Donor Bill of Rights

©Brian Werner

To assure that philanthropy merits the respect and trust of the general public, TMLF and other non-profit organizations declare that all donors have the following rights.

Philanthropy is based on voluntary action for the common good. It is a tradition of giving and sharing that is primary to the quality of life. To assure that philanthropy merits the respect and trust of the general public, and that donors and prospective donors can have full confidence in the nonprofit organizations and causes they are asked to support, we declare that all donors have these rights:

I. To be informed of the organization's mission, of the way the organization intends to use donated resources, and of its capacity to use donations effectively for their intended purposes.

II. To be informed of the identity of those serving on the organization's governing board, and to expect the board to exercise prudent judgment in its stewardship responsibilities.

III. To have access to the organization's most recent financial statements.

IV. To be assured their gifts will be used for the purposes for which they were given.

V. To receive appropriate acknowledgement and recognition.

VI. To be assured that information about their donation is handled with respect and with confidentiality to the extent provided by law.

VII. To expect that all relationships with individuals representing organizations of interest to the donor will be professional in nature.

VIII. To be informed whether those seeking donations are volunteers, employees of the organization or hired solicitors.

IX. To have the opportunity for their names to be deleted from mailing lists that an organization may intend to share.

X. To feel free to ask questions when making a donation and to receive prompt, truthful and forthright answers.

The Donor Bill of Rights was created by the American Association of Fund Raising Counsel (AAFRC), Association for Healthcare Philanthropy (AHP), the Association of Fundraising Professionals (AFP), and the Council for Advancement and Support of Education (CASE). It has been endorsed by numerous organizations.

Donor Responsibilities

Total charitable giving across North America exceeded $200 billion in 1999. Fraudulent use of contributions affects less than one percent of all giving. So you can almost always be assured that your generosity will go to work for legitimate causes.
But it pays to be careful.

There are several steps you can take to ensure you are contributing to a legitimate organization.

  • First, read through the Donor Bill of Rights and know what you should expect of a charity when you support it. You should feel confident that you're being treated appropriately when you decide to give.
  • Know the organization you want to support. The more information you have about a group, the better you'll feel about supporting it.
  • Be committed to the organization you're supporting. There are over three-quarters of a million charities across North America. If you're not excited about giving to a particular charity, there's undoubtedly one that fits your views and needs.
  • Take your time when deciding to give. Don't give in to high-pressure appeals. Professional fundraisers will not push you to give immediately — their job is to build relationships with you. If a telephone or door-to-door solicitor starts using such high-pressure tactics, it's time to consider whether or not you should give to that organization.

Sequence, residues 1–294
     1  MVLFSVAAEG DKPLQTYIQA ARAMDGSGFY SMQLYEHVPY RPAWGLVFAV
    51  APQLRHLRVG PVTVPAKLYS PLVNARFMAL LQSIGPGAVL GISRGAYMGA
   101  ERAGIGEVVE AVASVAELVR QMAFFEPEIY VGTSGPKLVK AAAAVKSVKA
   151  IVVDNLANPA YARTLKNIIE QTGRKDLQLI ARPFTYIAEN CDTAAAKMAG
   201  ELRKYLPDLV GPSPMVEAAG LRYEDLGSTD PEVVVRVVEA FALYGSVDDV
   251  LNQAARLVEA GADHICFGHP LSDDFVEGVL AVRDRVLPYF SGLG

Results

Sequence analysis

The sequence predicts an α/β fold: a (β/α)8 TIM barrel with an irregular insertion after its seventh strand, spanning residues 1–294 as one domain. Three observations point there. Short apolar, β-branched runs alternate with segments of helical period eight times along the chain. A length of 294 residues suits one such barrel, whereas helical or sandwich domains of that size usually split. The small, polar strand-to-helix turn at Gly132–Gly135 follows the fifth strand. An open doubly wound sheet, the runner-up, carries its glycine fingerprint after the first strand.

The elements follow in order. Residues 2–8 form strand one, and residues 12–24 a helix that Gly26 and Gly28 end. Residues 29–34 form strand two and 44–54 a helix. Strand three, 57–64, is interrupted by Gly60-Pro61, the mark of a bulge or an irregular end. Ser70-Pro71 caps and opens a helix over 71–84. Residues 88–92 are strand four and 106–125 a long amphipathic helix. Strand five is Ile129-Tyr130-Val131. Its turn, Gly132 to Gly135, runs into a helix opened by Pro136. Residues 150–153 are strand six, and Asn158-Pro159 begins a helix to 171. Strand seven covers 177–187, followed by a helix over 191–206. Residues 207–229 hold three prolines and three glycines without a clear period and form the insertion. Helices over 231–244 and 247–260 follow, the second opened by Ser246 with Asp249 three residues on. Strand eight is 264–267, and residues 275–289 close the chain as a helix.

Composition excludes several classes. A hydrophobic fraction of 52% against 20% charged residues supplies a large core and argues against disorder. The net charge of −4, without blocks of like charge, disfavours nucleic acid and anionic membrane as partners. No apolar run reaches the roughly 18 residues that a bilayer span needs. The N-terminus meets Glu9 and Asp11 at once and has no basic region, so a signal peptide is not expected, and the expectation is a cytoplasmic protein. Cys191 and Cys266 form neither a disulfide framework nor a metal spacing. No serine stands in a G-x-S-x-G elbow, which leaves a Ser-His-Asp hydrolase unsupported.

• Request information about a charity before you give. This goes along with the above tip on knowing the organization. Sometimes charities have names that sound similar, but they not be affiliated with each other all. Legitimate organizations will provide you with information about its charitable mission and how the contribution will be used. Ask door-to-door and telephone solicitors to identify themselves and name the charity they're working for (Many laws now require them to do this.).
  • Know the difference between "tax-exempt" and "tax-deductible." Some organizations may be tax-exempt, but contributions to them are not tax-deductible. Don't be confused with meaningless terms like "tax I.D. number." Many organizations have such numbers, but it has nothing to do with tax-deductibility.
  • If you use the charitable deduction when determining your taxes, always ask for a receipt showing the amount of the contribution and stating that the contribution was in fact deductible.
  • AFP encourages all individuals to give. Charities and the work they perform are the building blocks of our communities and our society. But donors always the right to say no, regardless of the reason. Make your giving counts and give to an organization you are comfortable with and fully support.

Factors Affecting Fundraising Costs

As the saying goes, sometimes it takes money to make money.

When a donor considers giving to an organization, a top concern is how well the money will be managed: How much does the organization spend raising money, versus using it for the primary fundraising purpose.

Fundraising is a process that has many components, and investments must be made in order to complete the process. Individual components should be evaluated as part of a total development program, and boards of directors of nonprofit organizations should determine a reasonable rate of return on investment for their own organizations based on prior results.

If only three to five percent of the donations from a particular campaign actually go to the cause, donors may want to look elsewhere. On the other hand, it may not be reasonable to expect that 90 percent of the contributions go directly to the cause. Just like for-profit entities, charities have operating expenses.

Here are factors to consider when evaluating an organization's fundraising costs and returns

  • The age of an organization. A well-established organization will likely have a greater return on investment than a newly established nonprofit.
  • The age of the fundraising department. A mature, professionally run development program will be expected to produce a higher return on investment than a newly formed department.